The project described in this paper is part of the broader research project ‘Capitalizing on Linguistic Diversity in Education’ that investigates how multilingualism can be used as a resource for educational success and social well-being in Luxembourg. Research projects in preschool, Year 1 and Year 2 classes show that teachers have begun to draw on children’s semiotic repertoires (Kirsch 2017, Kirsch and Bes 2017). The present doctoral research project aims to understand the ways in which and the extent to which, first, Year 4 and Year 5 teachers in three schools address linguistic diversity and, second, children draw on their language repertoire to learn. The focus lies on the translanguaging practices of teachers and children. Translanguaging is a pillar of multilingual pedagogies which promote social equity and build on socio-constructivist learning theories (García & Li Wei 2014). The education system in Luxembourg is trilingual in Luxembourgish, German and French. The curriculum is based on monoglossic ideologies and a compartmentalised view of language teaching (De Korne 2012). The system is particularly challenging for the 63.5 percent of primary school children who do not speak Luxembourgish as a first language and underachieve compared to the Luxembourgish-speakers (Menje 2017). This paper draws its data from six days of observations and video-recordings of learning activities in seven French, eight Mathematics and two Arts lessons from September 2017 to January 2018 in one school characterised by the diversity of its intake and the high SES of the families. The data collection is still on-going. The participants are the two teachers of the Year 4 class and three focus children of Slovenian, French and Icelandic background. The thematic analysis focuses on the type of learning activities, the school subjects, the speech acts, the language use, and the pedagogical use of translanguaging. The preliminary findings show that almost all learning activities are teacher-led and that interactions are based on initiation-response-feedback sequences. The teachers systematically translanguage between a target language and the other curricula languages to scaffold learning, build relationships and manage the classroom. Both teachers and children create a specific space for German which is highly unusual in Luxembourg. The children rarely draw on their home languages unless these are the three languages of the country. While translanguaging is frequently used as a scaffold, it is neither transformative nor does it contribute to raising equal opportunities (García & Kleyn 2016). [less ▲]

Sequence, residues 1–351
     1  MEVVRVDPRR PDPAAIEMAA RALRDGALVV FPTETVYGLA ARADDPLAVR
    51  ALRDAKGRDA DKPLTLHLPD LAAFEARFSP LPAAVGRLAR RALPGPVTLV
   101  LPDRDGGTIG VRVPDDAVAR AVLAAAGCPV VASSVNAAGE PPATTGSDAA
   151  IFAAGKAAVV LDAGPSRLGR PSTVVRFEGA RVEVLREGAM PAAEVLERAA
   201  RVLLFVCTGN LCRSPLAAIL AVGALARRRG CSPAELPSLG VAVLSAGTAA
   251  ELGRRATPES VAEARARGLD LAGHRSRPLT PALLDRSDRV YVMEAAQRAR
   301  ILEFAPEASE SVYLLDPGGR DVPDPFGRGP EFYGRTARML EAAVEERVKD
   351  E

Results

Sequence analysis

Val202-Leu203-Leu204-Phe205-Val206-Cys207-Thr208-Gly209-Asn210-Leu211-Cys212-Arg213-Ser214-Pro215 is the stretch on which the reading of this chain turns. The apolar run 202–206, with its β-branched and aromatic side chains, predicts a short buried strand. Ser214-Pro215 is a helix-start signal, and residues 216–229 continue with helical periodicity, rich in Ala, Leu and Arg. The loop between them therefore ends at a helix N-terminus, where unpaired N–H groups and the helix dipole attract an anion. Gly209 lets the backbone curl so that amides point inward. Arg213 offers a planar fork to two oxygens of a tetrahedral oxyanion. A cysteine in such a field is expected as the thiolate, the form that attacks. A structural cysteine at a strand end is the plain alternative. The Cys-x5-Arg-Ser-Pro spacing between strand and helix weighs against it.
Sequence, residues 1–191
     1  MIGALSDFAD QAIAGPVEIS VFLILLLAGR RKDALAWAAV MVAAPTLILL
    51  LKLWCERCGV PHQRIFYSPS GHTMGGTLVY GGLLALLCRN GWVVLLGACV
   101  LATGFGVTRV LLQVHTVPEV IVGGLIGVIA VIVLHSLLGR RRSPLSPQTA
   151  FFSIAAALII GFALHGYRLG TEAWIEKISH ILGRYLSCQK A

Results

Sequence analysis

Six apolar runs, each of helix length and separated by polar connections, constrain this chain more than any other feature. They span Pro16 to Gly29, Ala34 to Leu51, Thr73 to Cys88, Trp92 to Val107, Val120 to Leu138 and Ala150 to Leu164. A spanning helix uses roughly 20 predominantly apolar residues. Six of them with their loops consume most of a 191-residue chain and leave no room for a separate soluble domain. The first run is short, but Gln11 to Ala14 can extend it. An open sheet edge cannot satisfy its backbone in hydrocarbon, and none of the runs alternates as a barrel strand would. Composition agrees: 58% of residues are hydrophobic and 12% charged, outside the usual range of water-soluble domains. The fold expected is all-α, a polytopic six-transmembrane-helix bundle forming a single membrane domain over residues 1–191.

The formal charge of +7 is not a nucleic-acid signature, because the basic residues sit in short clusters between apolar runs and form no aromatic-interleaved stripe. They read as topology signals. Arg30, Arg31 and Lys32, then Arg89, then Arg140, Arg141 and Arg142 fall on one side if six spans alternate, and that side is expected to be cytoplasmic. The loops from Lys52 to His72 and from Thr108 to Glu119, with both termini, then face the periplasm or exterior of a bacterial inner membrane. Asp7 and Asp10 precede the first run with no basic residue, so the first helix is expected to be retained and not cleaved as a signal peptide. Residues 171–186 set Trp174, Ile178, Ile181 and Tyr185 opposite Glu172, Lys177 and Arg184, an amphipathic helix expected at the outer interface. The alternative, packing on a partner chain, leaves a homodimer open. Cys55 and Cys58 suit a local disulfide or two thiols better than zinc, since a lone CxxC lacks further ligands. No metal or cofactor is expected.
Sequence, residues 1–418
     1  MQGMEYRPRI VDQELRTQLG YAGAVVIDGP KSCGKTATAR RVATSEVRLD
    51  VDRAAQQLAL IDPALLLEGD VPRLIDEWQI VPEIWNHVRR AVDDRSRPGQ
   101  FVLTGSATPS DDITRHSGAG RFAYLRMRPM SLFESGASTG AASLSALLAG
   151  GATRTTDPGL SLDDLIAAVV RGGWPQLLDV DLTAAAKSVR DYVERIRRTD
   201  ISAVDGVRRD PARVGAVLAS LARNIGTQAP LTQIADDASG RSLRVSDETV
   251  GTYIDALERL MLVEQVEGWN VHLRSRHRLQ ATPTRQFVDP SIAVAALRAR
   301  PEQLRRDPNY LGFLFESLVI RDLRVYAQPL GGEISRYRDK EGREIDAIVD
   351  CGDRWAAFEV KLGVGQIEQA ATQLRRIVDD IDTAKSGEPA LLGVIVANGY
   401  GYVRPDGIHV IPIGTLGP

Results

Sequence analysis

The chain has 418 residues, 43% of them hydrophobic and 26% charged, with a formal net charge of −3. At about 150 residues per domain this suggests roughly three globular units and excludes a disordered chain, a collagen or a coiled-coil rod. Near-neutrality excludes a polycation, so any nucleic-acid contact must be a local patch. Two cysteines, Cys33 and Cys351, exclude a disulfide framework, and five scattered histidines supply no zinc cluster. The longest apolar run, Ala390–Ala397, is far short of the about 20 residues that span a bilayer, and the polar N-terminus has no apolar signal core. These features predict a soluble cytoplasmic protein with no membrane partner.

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See detailZusammenarbeit mit den Eltern und Valorisieren der Familiensprachen mit der App iTEO.
Kirsch, Claudine UL

Scientific Conference (2018, June 26)

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See detailEmergent Multilinguals Learning Languages with the iPad app iTEO
Aleksic, Gabrijela UL; Kirsch, Claudine UL

Scientific Conference (2018, June 22)

This presentation showed the results of a small-scale study led by Ass. Prof. Claudine Kirsch that investigated language learning in primary schools in Luxembourg and the ways in which this process is ... [more ▼]